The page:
StudentFirstName StudentLastName Professor FirstName LastName YourCourseDepartment 123 5 May 2010 Visit to the Japanese-American National Museum For my field trip I went to the Japanese-American National Museum. It was built on the site of a former Buddhist temple. The museum was planned initially to be a war memorial for Japanese-American WWII veterans. So right from the start, the museum had roots in both war and peace. This is the reason that I chose the museum as I wanted to examine a museum which dealt with the horrors of war. The exhibit was set up such that the views of the Nissei, American born Japanese, and Issei, their Japanese born counterparts, could share their perspectives on their American history. The museum reflected one...The end:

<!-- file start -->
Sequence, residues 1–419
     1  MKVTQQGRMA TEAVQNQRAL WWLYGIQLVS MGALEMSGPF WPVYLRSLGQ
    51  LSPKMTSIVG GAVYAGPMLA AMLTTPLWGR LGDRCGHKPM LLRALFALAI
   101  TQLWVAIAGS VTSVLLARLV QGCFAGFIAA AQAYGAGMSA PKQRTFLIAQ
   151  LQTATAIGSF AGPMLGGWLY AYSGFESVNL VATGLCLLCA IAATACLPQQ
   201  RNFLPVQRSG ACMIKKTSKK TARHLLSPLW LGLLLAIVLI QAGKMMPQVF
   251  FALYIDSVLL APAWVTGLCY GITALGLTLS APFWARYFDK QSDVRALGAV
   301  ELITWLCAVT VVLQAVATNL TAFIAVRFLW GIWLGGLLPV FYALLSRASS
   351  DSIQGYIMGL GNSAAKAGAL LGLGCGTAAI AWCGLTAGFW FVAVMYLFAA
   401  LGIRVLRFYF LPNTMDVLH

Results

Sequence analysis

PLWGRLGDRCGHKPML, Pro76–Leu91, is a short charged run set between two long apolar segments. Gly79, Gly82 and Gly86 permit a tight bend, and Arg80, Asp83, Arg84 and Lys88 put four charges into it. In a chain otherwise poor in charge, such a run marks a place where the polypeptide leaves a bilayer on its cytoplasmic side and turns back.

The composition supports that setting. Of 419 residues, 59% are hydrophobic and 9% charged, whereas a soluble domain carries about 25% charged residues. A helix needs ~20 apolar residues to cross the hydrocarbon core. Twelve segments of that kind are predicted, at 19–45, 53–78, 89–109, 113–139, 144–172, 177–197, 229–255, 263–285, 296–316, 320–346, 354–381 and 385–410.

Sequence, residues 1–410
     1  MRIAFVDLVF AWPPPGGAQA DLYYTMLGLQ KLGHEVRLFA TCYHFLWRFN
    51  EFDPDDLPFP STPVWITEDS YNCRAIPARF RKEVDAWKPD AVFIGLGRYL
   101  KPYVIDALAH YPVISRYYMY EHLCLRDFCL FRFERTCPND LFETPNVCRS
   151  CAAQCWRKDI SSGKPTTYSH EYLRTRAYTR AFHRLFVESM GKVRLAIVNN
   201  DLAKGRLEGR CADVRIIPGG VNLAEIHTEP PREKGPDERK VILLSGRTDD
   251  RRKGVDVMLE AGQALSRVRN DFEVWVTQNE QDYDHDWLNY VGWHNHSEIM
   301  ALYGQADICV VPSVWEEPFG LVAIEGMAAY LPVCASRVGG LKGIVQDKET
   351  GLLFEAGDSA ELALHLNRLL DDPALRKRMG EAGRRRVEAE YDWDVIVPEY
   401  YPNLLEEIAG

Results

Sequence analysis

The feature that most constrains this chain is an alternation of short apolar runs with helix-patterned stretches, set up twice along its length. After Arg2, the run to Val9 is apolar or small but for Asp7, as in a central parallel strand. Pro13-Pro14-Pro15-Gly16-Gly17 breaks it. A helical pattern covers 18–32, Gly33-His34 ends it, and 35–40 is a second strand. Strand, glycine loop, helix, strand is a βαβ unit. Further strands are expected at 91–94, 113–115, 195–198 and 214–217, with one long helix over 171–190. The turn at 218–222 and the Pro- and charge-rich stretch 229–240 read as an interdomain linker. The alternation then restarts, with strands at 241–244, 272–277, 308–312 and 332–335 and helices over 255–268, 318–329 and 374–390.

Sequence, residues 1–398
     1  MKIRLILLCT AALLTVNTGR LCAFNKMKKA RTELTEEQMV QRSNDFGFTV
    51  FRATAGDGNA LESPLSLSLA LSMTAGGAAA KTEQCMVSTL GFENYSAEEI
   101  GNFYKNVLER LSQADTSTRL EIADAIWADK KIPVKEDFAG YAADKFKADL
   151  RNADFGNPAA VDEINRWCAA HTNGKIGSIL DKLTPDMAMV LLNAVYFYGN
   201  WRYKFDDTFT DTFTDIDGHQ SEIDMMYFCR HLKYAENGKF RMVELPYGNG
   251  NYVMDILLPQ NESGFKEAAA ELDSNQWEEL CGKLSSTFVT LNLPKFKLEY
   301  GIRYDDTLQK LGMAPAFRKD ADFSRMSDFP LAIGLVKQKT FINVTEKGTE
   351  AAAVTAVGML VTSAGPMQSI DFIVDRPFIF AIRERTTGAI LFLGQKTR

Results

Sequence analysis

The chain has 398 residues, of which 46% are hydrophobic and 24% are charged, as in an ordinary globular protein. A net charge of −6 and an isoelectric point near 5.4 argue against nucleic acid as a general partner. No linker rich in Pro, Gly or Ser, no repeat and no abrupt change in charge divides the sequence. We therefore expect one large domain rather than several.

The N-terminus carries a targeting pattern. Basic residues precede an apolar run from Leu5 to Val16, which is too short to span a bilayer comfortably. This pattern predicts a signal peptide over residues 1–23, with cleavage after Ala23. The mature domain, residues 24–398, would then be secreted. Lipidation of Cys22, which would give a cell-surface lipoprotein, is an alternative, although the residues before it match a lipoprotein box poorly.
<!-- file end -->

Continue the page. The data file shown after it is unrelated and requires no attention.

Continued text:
.....lay of piles of suitcases and trunks adjacent to the barracks housed currently at the museum. Perhaps the ultimate description of this museum is elucidated by the tyrannical facet of the state: the right to take life or let live. Hence, like many things in life, the Japanese-American National Museum is one macrocosmic display about the power of the people to survive against all odds in the face of the power of the state. Thus, I would certainly recommend the museum to other students as a visit there can help put current hot-button issues such as immigration, racism, and egalitarianism into clear view. The Japanese-American National Museum helps show how brave Japanese-Americans were and how cruel the U.S. government policy was towards them.